Though the voice and power of this role was bound to the royal establishment, obliged to defend for example James I’s unpopular Directions for Preachers and persuade his flock to trust in the king, there may be interesting parallels to be drawn between then and what is happening now on the doorstep of St Paul’s.

Old St Paul’s (sermon at St Paul's Cross), 1616, John Gipkyn

Donne’s was a political position and his sermons inherently so; at times they were direct responses to particular controversies and social or economic change. That he was deeply engaged in public life and public debate can be seen by the fact that, a Londoner himself, he did not preach solely in the pulpit. As well as the royal court and the inns of court, Donne, unusually for the Dean, gave frequent sermons in the open air pulpit at St Paul’s Cross. This represents real engagement with the life of the city, and with the Corporation of the City of London.

The City has always been a place of business, and as spokesperson for the Church of England, Donne’s sermons recognised this fact. Six of Donne’s sermons were published in his lifetime, including one written for a group about to set sail for tobacco plantations in the new world, entitled in manuscript: ‘Preached before the Honourable Company of the Virginian Plantation, November 13, 1622. [Acts 1.8]’.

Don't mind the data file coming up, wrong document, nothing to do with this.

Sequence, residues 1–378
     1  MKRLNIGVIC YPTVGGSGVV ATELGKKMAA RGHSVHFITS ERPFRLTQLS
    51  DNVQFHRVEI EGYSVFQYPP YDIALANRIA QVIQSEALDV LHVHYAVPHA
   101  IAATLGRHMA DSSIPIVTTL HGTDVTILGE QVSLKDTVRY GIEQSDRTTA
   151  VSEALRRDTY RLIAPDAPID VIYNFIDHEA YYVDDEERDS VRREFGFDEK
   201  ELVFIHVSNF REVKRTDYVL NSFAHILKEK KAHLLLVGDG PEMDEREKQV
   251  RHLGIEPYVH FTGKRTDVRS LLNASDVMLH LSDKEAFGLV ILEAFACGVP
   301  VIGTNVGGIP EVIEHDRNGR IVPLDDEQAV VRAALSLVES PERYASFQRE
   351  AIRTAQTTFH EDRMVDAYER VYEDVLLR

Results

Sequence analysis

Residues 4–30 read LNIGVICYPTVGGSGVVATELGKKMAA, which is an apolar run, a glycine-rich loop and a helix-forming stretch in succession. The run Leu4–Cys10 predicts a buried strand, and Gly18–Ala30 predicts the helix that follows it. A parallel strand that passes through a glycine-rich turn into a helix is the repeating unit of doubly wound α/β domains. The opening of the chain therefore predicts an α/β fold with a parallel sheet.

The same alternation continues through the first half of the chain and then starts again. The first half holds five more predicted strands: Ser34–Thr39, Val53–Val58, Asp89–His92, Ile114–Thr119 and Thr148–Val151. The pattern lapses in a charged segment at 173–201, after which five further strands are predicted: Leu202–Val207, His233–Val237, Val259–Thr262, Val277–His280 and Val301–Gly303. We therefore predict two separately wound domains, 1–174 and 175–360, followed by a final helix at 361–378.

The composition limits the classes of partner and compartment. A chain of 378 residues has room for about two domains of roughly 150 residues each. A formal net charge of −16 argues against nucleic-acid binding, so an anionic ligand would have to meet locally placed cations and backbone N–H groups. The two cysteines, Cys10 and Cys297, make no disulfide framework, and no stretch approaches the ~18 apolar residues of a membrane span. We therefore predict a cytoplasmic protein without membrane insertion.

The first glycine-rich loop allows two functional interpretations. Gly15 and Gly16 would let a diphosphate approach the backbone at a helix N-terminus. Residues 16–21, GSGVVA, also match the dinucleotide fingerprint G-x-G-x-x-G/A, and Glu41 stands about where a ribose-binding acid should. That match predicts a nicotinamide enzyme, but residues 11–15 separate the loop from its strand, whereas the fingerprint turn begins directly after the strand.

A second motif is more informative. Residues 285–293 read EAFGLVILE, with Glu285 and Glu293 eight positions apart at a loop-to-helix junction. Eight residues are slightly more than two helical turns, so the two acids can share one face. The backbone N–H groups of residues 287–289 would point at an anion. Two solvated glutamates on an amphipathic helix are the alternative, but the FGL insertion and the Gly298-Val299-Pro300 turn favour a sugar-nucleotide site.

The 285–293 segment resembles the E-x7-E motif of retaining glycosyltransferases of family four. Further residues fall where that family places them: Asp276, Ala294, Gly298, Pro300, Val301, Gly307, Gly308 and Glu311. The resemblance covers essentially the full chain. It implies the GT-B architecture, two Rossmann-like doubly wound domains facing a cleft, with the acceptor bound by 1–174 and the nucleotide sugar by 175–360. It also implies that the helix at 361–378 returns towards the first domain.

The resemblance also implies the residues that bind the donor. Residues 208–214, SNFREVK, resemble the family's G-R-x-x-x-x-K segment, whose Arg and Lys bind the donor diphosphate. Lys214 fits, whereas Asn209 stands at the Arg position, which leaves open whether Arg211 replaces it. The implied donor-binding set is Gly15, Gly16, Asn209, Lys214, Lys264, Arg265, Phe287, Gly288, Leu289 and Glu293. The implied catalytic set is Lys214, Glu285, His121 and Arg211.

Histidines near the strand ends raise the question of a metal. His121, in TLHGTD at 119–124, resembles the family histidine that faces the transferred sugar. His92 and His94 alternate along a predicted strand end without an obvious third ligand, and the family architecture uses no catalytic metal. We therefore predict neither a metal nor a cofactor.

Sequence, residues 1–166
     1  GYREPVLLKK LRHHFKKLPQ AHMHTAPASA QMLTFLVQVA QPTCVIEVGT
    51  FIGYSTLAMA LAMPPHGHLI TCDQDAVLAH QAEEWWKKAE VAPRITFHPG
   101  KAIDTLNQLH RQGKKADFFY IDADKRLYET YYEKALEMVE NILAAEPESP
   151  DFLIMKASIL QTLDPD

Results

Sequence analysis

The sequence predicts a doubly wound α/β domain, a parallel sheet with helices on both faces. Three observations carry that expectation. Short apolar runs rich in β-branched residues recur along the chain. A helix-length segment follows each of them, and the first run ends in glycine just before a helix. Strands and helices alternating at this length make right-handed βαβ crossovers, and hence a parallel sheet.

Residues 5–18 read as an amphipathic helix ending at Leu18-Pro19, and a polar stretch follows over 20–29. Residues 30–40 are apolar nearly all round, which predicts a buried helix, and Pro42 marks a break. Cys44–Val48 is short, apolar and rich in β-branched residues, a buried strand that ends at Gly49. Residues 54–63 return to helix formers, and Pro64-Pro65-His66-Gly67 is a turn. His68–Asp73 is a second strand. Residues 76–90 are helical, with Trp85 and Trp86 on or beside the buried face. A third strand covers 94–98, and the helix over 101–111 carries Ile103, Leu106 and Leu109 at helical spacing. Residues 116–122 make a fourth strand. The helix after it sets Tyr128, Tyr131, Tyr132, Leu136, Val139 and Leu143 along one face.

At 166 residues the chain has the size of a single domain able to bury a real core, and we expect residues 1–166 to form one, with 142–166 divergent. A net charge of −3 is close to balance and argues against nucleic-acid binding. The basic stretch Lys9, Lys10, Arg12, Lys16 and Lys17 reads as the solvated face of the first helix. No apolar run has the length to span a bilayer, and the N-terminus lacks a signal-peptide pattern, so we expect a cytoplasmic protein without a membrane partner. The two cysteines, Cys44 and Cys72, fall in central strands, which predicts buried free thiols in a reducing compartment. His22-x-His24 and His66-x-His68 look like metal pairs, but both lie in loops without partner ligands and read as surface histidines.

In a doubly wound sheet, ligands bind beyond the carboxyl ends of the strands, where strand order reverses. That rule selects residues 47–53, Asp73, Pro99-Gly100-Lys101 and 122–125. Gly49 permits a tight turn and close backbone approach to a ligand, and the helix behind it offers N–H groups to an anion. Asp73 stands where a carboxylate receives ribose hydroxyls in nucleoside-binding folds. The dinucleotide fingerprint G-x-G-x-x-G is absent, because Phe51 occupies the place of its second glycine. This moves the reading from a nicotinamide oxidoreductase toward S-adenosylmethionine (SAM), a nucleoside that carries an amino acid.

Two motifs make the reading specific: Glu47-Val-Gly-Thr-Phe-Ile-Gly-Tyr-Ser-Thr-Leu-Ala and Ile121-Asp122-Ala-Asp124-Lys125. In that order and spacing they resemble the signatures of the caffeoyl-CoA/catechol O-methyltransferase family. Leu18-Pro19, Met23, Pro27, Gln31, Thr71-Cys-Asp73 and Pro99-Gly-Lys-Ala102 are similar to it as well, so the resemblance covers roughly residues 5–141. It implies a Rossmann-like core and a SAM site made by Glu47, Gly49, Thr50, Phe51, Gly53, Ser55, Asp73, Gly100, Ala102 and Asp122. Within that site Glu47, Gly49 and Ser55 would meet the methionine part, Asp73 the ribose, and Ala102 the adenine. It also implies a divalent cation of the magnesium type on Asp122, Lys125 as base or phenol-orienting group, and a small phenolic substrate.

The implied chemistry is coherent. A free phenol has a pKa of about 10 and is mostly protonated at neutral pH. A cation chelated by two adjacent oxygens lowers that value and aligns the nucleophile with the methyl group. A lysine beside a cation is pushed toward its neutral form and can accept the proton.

The Virginia Company of London sought to convert and colonize, and in recent years violent conflict with the native Powhatan Indians had led to many deaths on both sides. Without stretching a metaphor of the destructive power of rampant capitalism past the point of cynicism and into the realm of the ridiculous, this would seem to have little to do with current politics. However, I wonder if some aspects of Donne’s sermons to the entrepreneurial adventurers might be a fitting note to end on.

Donne counseled against greed and against arrogance, and challenged the Company to ‘act as an example of fairness and justice to the other mercantile companies’.[1] Perhaps it is time to revisit these texts, and perhaps it is time to listen again to the voices at the site of St Paul’s Cross.